The NSW Rural Fire Service (NSW RFS) Shoalhaven District has added another asset to its firefighting arsenal with the introduction of trail bike operations.
The team of six riders, will at this stage utilise four Suzuki DR 400 trail bikes for the 2019 fire season, with the plan to add more and expand the group's capabilities.
Inspector Chris Palmer said it was a significant step forward in the response to incidents in difficult to reach areas, reconnaissance, intelligence gathering, and aviation bombing ground support operations.
"This will increase the ability to effectively identify the location, size of a bush fire and resources required to manage a fire in a timely manner," Inspector Palmer said.
The Shoalhaven will have six trail bike operators with specialised training and up to four trail bikes in the north of the city who will carry with them firefighting equipment, communications and first aid kits.
The NSW RFS has seven trail bike units, which can range in size from four riders up to eight, located around the state which are currently filling a variety of tasks with the fire activity in the northern parts of the state.
Inspector Palmer said the new assets in the Shoalhaven could be deployed for a number of purposes, which would include reconnaissance, fire trail inspections, and assist other agencies in land search and rescue operations.
Shoalhaven District Officer Ross Smith, who himself is part of the unit, said the aim is to add more riders to the local team.
"At this stage we are located in the northern Shoalhaven but we are keen to expand the service through to the southern border of the city," he said.
"We have two riders from Tomerong, one from Kangaroo Valley and Bay and Basin and others from this area.
"We all come with trail bike or enduro riding experience.
"We participated in a special off-road training course at an enduro training centre at Mogo last weekend.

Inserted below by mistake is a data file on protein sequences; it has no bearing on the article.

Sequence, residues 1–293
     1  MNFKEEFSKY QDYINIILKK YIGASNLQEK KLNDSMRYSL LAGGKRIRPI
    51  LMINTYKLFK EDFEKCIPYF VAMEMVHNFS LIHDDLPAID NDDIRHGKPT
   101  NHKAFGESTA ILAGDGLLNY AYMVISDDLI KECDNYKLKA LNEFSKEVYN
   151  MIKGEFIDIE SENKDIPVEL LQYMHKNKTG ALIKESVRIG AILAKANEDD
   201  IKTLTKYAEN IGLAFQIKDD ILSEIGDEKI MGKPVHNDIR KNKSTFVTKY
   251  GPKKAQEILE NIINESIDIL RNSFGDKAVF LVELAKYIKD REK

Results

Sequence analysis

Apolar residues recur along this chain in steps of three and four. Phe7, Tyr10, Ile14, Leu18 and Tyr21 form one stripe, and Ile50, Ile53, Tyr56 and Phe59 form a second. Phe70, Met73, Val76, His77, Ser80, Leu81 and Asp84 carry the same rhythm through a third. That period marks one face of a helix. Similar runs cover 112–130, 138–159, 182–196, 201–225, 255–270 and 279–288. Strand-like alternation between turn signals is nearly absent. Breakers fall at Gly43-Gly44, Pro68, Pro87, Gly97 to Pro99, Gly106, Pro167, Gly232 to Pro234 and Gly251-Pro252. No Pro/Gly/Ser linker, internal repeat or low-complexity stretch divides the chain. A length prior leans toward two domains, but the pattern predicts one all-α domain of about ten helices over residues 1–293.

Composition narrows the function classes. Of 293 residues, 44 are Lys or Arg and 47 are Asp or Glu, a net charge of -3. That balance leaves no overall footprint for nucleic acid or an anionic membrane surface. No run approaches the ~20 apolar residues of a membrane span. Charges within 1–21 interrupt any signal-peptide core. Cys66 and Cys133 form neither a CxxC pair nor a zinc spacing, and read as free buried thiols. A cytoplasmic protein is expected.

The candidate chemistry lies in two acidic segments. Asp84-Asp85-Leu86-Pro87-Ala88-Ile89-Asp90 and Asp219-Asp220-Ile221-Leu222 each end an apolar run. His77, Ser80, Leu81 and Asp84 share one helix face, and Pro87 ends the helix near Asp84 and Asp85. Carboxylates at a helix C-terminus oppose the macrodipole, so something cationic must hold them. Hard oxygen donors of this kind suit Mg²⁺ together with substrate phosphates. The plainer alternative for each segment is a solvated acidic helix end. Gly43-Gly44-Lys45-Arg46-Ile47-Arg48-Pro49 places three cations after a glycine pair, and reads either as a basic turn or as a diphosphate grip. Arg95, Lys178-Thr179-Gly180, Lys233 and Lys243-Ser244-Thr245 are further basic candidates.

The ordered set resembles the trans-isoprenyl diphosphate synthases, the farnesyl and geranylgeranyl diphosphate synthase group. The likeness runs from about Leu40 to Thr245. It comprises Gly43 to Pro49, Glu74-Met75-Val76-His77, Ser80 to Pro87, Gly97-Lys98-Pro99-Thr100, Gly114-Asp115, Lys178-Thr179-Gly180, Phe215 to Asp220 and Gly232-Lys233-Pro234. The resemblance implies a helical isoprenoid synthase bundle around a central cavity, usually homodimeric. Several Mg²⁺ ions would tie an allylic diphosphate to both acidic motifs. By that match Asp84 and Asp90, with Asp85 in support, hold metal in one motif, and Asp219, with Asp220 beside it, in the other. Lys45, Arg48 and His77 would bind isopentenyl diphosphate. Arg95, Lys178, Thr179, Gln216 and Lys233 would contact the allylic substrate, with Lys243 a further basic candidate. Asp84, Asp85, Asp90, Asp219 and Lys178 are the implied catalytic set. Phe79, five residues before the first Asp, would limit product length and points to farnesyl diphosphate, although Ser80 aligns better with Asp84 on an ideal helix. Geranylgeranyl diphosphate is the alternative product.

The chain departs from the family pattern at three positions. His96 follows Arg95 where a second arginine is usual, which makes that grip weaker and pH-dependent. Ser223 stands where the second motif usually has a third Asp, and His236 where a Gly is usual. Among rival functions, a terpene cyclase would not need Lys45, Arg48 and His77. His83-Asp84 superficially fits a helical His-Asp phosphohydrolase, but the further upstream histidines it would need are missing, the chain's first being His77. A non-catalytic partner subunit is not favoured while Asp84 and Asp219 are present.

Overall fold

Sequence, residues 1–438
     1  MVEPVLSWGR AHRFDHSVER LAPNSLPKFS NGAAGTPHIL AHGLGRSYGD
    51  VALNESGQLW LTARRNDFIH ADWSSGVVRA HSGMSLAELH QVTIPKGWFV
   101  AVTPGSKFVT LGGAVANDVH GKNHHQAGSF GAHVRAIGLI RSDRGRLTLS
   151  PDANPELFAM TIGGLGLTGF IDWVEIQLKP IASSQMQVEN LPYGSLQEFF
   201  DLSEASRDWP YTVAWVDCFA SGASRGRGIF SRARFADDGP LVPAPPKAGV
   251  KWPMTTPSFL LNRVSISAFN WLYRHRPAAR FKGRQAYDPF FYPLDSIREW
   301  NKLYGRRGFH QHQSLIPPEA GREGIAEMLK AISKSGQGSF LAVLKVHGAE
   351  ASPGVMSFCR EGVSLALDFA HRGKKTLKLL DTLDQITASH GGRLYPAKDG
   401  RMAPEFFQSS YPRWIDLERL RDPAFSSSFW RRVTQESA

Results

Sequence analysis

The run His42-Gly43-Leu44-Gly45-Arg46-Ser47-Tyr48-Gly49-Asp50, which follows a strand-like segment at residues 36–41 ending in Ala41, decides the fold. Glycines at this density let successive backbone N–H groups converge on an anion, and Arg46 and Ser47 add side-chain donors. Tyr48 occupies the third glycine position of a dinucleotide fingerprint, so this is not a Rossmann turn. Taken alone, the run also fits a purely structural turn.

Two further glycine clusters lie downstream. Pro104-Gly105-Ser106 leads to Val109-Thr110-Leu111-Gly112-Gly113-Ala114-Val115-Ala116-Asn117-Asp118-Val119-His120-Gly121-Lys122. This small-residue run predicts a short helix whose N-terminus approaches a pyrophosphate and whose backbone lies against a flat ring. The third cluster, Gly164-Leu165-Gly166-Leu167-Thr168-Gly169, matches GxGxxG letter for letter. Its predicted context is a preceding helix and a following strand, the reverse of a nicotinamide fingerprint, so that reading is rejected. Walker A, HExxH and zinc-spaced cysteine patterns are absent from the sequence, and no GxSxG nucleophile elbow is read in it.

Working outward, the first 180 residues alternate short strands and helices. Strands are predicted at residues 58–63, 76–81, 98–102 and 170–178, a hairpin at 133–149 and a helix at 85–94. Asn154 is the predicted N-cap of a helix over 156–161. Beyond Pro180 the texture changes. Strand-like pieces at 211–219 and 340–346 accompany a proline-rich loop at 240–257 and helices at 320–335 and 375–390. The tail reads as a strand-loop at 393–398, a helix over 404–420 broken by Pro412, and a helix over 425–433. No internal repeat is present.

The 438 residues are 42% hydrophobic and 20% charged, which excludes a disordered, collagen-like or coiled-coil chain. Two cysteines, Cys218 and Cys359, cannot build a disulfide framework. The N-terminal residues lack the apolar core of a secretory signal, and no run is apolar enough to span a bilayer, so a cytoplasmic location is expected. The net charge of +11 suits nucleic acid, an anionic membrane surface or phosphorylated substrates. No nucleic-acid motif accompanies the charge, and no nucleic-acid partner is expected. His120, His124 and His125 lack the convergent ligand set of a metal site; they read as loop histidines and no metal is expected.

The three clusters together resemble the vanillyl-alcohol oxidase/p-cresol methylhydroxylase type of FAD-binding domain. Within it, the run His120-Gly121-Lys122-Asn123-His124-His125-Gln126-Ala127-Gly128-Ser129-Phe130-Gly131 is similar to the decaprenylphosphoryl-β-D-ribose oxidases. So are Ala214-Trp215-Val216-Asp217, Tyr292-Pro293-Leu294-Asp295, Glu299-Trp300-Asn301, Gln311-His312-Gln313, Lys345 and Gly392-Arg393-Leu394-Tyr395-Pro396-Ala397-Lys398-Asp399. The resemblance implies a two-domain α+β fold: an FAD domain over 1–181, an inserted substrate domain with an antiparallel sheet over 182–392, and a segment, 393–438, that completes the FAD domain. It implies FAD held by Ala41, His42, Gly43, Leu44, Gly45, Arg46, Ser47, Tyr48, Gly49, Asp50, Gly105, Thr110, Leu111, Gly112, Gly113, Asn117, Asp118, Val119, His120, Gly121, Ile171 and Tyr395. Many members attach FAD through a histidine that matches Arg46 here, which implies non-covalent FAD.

"It's been an ongoing mission to get the bikes online here in the Shoalhaven, something we first mentioned in 2013, and now we have this foundation team we want to build up the numbers of qualified riders.
"We will be looking for more riders to undergo training further south.
"I think if we have a highly visible team out and about it will also work as a deterrent for any possible arson events in the Shoalhaven - you never know where we might pop up."
The bikes also come with two purpose-built trailers which carry firefighting tools like blowers, chainsaws, rakes/hoe as well as a variety of bike spares and tools.
"The bikes are fitted with GPS, special carry racks to allow us to carry our equipment depending on the task at hand, and can even utilise thermal imaging cameras," he said.
"Simply the bikes can get into areas other vehicles can't - we can use them for reconnaissance, intelligence gathering, trail identification and search and rescue.
"On the recent Catastrophic warning day in the area, they were used to ensure no one was in the Yalwal camping area.
"Riders also have earpiece communications so they are always in contact with fire control and can quickly pass on any information."
He said while the teams could work in a variety of roles, there will also be the possibility of supporting neighbouring areas like Illawarra, Lake George and Far South Coast.